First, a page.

“Teachers in the Boston Public Schools have demonstrated the value and power of bringing students outdoors to learn about science and nature,” said Myrna Johnson, Executive Director of the Boston Schoolyard Initiative. “This report affirms that educators and students alike have more meaningful, hands-on experiences in teaching and learning through outdoor science instruction.  The work in Boston sends a message to other school districts that science teachers can effectively conduct outdoor science lessons, with positive impacts for both students and teachers.” 

The Boston Schoolyard Initiative (BSI) began in 1995, when Mayor Thomas M. Menino convened a broad-based Schoolyard Task Force to devise a process for funding projects and using them for recreational and educational purposes. Eighteen years later, after a public-private investment of more than $20 million in 88 schoolyards, two of the founding players of the initiative – the Boston Schoolyard Funders Collaborative and Mayor Menino himself – will conclude their involvement at the end of this year.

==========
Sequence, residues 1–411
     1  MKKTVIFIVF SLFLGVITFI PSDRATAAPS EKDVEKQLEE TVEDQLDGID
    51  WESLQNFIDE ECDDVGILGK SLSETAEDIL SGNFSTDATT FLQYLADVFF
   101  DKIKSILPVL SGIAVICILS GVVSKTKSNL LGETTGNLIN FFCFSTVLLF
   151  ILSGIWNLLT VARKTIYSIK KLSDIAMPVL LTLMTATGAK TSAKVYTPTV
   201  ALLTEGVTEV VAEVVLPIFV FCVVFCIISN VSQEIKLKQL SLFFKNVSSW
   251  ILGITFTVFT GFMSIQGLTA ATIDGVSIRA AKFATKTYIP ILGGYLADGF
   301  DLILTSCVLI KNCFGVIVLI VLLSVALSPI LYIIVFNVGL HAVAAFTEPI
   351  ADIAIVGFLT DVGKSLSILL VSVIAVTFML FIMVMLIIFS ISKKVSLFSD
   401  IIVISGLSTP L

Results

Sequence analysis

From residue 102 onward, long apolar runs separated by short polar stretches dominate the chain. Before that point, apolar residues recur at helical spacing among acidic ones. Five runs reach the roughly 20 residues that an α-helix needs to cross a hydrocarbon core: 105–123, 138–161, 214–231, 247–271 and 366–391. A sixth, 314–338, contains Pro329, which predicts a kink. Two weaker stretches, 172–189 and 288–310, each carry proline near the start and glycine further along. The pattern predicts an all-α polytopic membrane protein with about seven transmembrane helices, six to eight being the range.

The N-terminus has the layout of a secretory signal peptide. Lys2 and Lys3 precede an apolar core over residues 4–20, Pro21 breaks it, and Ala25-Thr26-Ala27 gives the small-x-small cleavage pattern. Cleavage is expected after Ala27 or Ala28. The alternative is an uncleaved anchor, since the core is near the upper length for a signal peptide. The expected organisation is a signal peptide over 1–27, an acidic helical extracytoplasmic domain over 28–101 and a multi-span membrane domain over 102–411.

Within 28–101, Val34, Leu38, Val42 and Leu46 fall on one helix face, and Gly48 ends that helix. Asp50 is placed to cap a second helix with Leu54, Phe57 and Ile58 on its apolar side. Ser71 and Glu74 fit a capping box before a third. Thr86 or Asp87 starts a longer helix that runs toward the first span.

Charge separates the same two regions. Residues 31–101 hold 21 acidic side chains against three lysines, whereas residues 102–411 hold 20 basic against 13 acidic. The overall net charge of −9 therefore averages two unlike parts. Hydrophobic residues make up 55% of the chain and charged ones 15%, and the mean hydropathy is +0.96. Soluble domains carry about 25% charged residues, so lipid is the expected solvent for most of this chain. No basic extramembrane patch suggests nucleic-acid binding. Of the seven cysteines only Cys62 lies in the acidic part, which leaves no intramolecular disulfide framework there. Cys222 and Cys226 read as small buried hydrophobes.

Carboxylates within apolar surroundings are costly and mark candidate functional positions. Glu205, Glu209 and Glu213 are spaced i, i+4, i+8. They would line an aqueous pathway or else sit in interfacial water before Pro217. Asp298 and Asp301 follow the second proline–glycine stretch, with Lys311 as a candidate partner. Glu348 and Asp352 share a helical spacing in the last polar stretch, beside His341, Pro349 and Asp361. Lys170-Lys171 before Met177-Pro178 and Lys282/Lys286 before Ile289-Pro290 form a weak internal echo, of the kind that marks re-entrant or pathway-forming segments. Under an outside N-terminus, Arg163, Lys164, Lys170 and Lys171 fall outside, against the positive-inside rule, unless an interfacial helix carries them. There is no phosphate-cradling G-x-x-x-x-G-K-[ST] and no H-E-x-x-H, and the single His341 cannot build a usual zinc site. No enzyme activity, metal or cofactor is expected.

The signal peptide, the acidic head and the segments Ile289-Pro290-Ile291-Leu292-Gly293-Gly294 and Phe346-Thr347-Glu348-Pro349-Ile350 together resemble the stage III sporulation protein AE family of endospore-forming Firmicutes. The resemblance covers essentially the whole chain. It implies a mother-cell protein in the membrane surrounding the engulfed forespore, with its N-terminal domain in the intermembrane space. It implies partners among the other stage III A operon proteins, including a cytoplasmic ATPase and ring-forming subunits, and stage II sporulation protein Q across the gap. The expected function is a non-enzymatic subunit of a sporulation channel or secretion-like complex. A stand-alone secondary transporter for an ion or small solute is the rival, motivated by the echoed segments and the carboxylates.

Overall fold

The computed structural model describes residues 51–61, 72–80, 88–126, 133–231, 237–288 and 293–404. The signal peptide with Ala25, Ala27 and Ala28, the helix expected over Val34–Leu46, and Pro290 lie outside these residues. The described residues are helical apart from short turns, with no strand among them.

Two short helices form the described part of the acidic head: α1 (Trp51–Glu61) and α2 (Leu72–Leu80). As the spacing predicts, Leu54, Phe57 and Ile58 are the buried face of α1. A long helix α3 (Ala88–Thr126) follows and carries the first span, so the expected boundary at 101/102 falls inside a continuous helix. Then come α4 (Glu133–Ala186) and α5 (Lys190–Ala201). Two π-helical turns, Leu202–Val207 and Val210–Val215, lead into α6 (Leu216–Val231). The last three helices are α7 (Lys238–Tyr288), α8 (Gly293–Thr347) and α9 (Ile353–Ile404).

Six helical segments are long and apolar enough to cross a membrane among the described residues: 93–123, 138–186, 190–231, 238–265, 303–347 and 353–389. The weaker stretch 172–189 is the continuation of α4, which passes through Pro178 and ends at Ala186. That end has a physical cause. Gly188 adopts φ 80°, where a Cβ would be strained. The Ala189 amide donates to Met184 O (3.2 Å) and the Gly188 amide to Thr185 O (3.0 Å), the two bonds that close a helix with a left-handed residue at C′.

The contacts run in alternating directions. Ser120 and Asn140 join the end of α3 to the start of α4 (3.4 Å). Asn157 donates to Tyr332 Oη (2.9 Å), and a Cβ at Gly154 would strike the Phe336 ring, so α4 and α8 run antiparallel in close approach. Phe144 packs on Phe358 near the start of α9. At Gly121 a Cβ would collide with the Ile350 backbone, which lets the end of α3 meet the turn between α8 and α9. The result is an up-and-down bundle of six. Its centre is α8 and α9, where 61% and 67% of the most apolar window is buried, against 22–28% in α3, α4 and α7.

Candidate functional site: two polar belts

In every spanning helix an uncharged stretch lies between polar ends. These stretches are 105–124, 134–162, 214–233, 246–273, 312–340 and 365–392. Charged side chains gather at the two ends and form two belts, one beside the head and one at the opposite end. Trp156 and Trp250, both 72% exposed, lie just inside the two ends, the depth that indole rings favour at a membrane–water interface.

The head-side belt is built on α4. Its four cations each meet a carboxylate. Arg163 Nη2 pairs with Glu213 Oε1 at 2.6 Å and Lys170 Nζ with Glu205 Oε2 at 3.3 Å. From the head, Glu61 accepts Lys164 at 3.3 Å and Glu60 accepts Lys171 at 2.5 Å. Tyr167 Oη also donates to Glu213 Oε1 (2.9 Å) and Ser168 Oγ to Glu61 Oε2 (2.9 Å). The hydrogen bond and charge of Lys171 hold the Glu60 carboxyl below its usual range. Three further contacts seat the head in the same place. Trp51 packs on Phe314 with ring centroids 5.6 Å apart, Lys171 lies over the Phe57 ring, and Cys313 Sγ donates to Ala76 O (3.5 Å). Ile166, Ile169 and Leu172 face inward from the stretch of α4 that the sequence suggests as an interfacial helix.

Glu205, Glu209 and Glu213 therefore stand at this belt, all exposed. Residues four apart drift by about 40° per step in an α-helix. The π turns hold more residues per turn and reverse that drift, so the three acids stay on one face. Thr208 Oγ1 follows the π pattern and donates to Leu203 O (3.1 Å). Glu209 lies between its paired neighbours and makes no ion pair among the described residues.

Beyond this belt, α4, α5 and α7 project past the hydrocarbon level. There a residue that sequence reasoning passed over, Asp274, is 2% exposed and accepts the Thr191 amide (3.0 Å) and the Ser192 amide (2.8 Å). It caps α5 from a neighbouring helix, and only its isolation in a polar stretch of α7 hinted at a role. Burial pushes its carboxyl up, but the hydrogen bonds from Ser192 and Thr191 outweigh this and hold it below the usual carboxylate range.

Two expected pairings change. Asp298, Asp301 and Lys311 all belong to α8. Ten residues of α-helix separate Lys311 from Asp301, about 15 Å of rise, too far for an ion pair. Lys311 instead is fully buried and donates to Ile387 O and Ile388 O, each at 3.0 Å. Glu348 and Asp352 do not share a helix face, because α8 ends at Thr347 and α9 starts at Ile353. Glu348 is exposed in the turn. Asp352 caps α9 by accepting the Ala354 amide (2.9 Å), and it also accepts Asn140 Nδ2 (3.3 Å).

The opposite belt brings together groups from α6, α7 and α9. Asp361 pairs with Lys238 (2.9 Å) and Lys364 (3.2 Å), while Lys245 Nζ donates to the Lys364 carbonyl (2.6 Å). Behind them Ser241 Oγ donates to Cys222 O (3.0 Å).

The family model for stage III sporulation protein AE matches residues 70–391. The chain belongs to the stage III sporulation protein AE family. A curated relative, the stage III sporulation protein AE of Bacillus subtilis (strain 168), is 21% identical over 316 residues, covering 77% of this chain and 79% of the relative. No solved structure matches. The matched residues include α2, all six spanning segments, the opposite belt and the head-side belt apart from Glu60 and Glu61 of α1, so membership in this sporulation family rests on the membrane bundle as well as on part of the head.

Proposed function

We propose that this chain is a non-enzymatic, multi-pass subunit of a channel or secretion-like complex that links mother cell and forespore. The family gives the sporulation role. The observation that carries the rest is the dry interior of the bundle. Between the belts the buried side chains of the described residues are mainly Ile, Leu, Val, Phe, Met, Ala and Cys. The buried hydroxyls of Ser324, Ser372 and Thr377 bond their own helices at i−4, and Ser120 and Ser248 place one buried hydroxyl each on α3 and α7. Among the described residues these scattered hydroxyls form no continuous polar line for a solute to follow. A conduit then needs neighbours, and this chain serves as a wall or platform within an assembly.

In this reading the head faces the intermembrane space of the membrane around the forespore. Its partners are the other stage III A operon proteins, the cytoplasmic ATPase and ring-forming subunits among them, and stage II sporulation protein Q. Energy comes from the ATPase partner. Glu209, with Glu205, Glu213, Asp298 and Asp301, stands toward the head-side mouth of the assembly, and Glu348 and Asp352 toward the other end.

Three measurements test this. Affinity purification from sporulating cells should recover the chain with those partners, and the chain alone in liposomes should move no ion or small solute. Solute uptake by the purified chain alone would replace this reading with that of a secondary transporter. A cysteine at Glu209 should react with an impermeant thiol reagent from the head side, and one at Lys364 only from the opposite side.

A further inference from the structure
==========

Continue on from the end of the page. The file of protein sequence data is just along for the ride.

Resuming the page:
Through BSI’s Science in the Schoolyard program, Boston Public Schools has emerged as a national leader in developing resources, infrastructure and professional development for taking science learning outdoors.  The BSI Science in the Schoolyard model of fully integrating outdoor lessons into science teaching throughout the district is unique nationally, representing the largest implementation of outdoor science teaching in a public school system in the country.  Because of the BSI-BPS partnership, resources available to Boston schools include: 32 outdoor classrooms on BPS schoolyards; guides to taking the BPS science curriculum units (STC® and FOSS®) outdoors; 12 teacher leaders who are trained to deliver SSY courses; and 200 teachers who have participated in SSY professional development courses.